Drama in the Old Firehouse

Photo by Dan Myers–Lumi Photography

Anyone whose morning commute includes driving down Monroe Street probably has noticed an old brick building with two garage doors and a metal staircase along one side. But they might not know what’s inside. The Madison Theatre Guild (MTG) was founded in 1946 and has occupied the historic firehouse across from the entrance to Wingra Park since 1969. It is the oldest theatre group in Madison.

MTG stages four shows a year at the Bartell Theatre and attracts both amateur and professional actors. Both groups appreciate the opportunity to hone their crafts and learn from each other, and many are loyal members.

This past fall, Jim Chiolino, MTG’s president of the board of directors, played an aging father in the musical comedy The Boy Friend. It was a production Jim was familiar with—he played a different role when MTG staged the same play 28 years earlier, in 1987. (He left Madison for several years in between, but returned to MTG when he came back.)

Photo by Dan Myers—Lumi Photography

Sarah Whelan, an accomplished performer, estimates she’s been in 20 or 30 MTG productions since moving to the area in the early ‘70s. She says new performers will be successful if they bring a professional attitude to rehearsals and appreciate the people supporting their growth. “Learning to work well, or play well with others, is very important.”

Directors look for certain traits when someone completely new to theatre auditions. “If they’re not great at reading, they might still have the right sort of energy or animation. If the director can say ‘try doing it this way,’ and they do it, that’s a good sign,” Jim says. A 16-year-old woman with no acting experience tried out a few years ago, and the director saw potential. She gave her a small role and intensive coaching. Now she’s getting full roles.

Because many of those involved are students or have day jobs, rehearsals, set production, and planning take place outside of normal working hours. Casts rehearse four or five evenings a week for three hours at a time. Rehearsals last for five or six weeks. But those involved gladly trade free time to be a part of a production.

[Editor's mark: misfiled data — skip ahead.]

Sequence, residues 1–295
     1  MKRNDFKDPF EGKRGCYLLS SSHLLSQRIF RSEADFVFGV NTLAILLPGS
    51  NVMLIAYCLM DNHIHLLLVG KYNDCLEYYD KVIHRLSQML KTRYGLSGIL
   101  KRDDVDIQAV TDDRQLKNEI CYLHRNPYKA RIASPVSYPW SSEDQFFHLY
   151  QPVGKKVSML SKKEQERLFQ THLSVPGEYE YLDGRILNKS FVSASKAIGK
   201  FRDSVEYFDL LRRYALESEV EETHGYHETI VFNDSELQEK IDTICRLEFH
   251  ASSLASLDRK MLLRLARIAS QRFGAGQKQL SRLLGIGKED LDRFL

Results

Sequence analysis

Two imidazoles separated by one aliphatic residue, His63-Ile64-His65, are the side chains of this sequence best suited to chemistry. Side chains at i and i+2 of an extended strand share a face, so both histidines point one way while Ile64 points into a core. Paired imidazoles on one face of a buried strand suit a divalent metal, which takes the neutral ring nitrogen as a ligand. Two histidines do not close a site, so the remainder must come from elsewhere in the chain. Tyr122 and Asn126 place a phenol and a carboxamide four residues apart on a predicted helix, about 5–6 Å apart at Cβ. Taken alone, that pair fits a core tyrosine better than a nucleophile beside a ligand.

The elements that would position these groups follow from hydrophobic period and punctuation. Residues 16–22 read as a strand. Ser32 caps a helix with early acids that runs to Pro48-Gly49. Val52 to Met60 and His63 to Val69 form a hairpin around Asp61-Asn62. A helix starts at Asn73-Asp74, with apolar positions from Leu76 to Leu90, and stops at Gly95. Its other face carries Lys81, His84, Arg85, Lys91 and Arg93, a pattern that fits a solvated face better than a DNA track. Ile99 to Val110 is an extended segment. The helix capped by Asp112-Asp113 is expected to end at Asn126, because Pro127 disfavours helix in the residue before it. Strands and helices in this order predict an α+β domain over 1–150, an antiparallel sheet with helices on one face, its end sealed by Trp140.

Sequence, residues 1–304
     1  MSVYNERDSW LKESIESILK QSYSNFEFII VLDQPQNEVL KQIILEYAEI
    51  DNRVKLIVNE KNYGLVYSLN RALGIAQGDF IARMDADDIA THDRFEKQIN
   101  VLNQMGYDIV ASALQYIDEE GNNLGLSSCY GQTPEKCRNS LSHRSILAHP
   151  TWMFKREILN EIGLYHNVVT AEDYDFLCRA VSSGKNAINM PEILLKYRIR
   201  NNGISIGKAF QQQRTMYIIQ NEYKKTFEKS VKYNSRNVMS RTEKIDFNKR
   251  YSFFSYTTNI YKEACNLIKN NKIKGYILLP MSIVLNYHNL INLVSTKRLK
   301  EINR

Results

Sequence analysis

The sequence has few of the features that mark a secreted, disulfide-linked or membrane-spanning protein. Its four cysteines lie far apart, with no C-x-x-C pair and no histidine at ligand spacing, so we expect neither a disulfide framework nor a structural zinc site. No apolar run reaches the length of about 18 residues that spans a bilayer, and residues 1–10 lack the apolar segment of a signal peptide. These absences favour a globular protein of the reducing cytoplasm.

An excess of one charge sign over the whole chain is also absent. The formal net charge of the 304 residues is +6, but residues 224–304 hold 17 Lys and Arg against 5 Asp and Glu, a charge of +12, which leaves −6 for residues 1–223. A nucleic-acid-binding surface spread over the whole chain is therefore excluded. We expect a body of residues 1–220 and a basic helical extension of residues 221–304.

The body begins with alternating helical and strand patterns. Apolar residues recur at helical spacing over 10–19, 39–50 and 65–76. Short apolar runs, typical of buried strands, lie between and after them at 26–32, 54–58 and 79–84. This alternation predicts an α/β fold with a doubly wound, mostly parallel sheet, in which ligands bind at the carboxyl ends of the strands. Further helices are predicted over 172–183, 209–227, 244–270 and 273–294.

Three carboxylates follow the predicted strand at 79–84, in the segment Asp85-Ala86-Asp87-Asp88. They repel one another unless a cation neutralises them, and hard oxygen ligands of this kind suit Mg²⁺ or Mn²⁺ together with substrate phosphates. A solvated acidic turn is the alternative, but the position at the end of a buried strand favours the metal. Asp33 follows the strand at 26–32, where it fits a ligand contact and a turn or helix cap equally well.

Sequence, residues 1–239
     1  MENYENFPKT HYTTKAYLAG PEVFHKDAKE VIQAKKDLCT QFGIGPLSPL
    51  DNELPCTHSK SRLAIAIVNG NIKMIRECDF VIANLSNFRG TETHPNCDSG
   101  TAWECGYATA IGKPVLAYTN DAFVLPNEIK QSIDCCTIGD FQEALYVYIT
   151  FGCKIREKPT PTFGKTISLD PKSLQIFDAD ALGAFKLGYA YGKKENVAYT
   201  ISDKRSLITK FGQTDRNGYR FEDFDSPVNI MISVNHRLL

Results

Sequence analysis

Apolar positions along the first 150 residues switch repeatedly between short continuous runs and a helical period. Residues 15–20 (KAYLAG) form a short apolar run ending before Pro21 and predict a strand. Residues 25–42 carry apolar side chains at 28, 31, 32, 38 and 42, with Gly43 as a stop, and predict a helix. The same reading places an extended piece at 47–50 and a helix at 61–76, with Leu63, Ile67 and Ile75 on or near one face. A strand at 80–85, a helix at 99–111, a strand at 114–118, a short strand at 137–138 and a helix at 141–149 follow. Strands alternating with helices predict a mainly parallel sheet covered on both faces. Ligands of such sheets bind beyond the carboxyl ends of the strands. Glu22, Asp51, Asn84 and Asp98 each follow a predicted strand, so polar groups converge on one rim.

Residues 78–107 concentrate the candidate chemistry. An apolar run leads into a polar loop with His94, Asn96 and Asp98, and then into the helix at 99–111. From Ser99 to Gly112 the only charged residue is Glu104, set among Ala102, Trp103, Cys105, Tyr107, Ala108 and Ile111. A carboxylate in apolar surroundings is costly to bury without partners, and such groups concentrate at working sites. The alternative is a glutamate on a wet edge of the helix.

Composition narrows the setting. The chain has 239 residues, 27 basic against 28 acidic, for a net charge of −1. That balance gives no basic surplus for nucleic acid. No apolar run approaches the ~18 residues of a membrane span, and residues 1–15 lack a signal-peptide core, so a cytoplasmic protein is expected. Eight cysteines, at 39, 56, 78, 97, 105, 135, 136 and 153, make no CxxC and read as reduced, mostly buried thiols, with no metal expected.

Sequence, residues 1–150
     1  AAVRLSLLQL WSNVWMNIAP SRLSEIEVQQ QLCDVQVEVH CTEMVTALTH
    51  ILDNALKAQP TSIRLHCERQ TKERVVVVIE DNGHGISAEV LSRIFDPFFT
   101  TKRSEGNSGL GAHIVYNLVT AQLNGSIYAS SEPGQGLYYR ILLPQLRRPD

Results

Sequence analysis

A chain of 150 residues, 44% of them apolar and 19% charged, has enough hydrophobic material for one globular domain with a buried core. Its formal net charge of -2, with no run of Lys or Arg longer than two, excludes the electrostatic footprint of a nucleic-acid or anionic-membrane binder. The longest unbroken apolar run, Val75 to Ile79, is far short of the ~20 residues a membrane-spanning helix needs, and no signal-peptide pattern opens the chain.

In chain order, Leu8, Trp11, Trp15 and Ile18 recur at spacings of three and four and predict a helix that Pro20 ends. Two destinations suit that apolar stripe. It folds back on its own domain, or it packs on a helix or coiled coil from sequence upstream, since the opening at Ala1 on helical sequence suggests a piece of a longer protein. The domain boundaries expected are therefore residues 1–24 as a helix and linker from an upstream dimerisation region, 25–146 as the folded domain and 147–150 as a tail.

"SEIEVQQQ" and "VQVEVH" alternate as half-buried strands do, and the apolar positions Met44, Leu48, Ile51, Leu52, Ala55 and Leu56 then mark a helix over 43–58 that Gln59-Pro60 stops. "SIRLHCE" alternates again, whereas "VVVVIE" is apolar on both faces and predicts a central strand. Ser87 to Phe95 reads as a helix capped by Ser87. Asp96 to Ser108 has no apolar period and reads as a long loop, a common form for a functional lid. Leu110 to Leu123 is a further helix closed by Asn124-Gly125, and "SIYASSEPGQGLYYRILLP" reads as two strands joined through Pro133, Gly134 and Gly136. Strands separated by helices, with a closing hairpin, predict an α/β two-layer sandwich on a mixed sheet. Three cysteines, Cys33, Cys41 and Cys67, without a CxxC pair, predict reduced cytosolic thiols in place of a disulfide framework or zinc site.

Sarah says the love of being able to create something that hasn’t been created before keeps her acting. “Maybe other people have done the same role, but they’ve never done it like I’ve done it.”

For every person on stage, several people behind the stage helped get that person there. Crew members work long hours to plan and build sets, secure props, design the lighting, and find or sew costumes. For musicals, the MTG also needs musicians. Like the performers, crew members and musicians are volunteers and usually skilled multitaskers, like the reed players who took on multiple roles in a recent production. “They were picking up the saxophone, then the clarinet, switching back and forth,” Jim says.

Photo by Jason Atkins

For the first several weeks, rehearsals focus on technical details like stage positioning, outfit changes, and how actors will interact with props. The performance comes to life during “tech week,” the week before the show when rehearsals take place in the theatre for the first time and the various pieces are combined: set designers move the set onstage, cast members rehearse in full costume and makeup, lighting designers run the lights, and the orchestra joins rehearsals. Prior to tech week, cast members rehearse only in church basements, where they approximate the shape of the stage and their blockings and rehearse without a set.

Tech week can be chaotic, Sarah says, but if everybody listens to the stage manager and director and does their part, “it’s all smooth as silk.”

Despite having acted in hundreds of plays in her career, Sarah still experiences stage fright. Her stomach tightens up and her heart races several hours before each show. The nerves are so unpleasant that sometimes Sarah wonders why she continues acting. But they’ve been a part of her preshow routine for 65 years. “As soon as I’m another character, they’re gone,” she says.

Sarah so deeply assumes her character and focuses on interacting with the other performers that she loses awareness of the audience when onstage. If one of her cast members forgets a line, she only vaguely notices, if at all. She says she’s in another world. She doesn’t know if this is how it is for other performers, but she can feel when everyone in the cast is present and a production is working. “There are many ways to approach acting,” Sarah says. “Everybody does it differently. Yet we’re all there doing it together.”

Upcoming productions by MTG include Mauritius by Theresa Rebeck (March 4–19) and The Tempest by William Shakespeare (April 29–May 14). Visit madisontheatreguild.org for details .

Cara Lombardo is a writer and graduate student at the University of Wisconsin–Madison.

Madison Theatre Guild

2410 Monroe Street
(608) 238-9322